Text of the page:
Date of Award

Summer 2019

Document Type

Open Access Thesis

Department

Communication Sciences and Disorders

First Advisor

Krystal Werfel

Abstract

Purpose: This study explored past tense marking in oral reading as a clinical marker of specific language impairment (SLI). A School-Age Language Screening Assessment (SALSA) was evaluated to determine whether it can be used to improve the identification of school-age children with SLI. The first aim was to calculate overall accuracy with children with TL and SLI on reading regular and irregular past tense verbs in oral reading of connected text. The second aim was to determine the overall diagnostic accuracy of SALSA.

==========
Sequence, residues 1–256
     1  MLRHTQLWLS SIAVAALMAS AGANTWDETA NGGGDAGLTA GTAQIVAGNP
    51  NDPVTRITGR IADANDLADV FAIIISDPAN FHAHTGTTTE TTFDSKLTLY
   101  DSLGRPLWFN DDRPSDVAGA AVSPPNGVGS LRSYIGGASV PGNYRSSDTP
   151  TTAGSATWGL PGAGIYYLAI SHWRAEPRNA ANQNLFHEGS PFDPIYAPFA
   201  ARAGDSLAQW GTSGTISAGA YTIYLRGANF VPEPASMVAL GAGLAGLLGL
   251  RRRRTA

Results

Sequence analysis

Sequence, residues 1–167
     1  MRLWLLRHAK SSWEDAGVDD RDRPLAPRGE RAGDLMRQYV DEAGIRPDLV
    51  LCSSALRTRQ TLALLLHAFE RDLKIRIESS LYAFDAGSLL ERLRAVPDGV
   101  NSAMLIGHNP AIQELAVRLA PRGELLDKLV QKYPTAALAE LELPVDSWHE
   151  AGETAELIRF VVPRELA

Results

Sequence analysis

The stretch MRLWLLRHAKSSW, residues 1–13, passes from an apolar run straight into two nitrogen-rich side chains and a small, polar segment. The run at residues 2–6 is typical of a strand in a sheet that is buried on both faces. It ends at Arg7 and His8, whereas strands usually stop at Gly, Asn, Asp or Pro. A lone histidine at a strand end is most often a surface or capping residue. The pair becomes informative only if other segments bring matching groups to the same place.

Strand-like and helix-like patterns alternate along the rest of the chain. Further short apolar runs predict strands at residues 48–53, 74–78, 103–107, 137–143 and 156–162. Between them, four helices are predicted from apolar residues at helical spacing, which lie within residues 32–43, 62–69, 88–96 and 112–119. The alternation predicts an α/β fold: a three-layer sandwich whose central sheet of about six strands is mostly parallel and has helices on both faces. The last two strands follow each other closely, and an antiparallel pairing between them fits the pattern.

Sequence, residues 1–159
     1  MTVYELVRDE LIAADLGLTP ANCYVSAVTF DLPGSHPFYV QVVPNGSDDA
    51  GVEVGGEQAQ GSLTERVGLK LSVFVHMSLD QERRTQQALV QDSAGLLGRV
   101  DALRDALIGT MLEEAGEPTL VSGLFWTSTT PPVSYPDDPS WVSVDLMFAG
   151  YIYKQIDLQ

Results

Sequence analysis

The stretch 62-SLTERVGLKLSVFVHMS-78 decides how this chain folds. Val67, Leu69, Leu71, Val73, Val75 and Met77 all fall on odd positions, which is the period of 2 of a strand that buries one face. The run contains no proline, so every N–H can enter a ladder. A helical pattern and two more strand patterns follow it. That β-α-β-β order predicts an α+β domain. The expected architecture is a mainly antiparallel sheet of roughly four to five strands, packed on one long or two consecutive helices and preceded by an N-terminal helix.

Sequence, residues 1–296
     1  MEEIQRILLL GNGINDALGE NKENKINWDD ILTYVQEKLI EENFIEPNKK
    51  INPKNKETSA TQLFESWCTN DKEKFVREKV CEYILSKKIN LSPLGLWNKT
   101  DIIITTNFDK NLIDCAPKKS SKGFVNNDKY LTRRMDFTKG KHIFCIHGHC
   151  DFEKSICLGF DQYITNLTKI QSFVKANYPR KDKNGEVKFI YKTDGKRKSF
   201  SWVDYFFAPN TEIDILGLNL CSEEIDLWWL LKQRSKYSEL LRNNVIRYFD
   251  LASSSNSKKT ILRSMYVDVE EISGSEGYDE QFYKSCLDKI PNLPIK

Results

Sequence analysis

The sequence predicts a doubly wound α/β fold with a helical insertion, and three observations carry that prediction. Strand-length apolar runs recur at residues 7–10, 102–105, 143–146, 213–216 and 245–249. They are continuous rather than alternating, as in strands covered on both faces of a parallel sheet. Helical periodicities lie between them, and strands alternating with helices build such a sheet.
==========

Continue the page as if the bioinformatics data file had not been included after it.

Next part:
Method: 96 children with TL and 3 children with SLI (N = 99) in grades 2-4 were administered the SALSA measures in addition to language measures. Each past tense verb was categorized into one of three response types: (a) accurate, (b) incorrect, and (c) unscorable. Performance across each group was compared. Additionally, sensitivity, specificity, and diagnostic accuracy were calculated at multiple cut-points for evaluating the effectiveness of past tense marking on the SALSA measures in children with SLI.

Results: Children with SLI produced fewer correct readings of regular past tense verbs than children with TL. There were no group differences on irregular past tense. A cut-off of 88.1 for regular past tense accuracy yielded the highest sensitivity of 100% and a reasonable diagnostic accuracy of 83.8%.

Conclusions: The results of this study indicate that regular past tense accuracy in oral reading is a promising clinical marker for diagnosing SLI in school-age children. The SALSA measure yielded high sensitivity and reasonable diagnostic accuracy.

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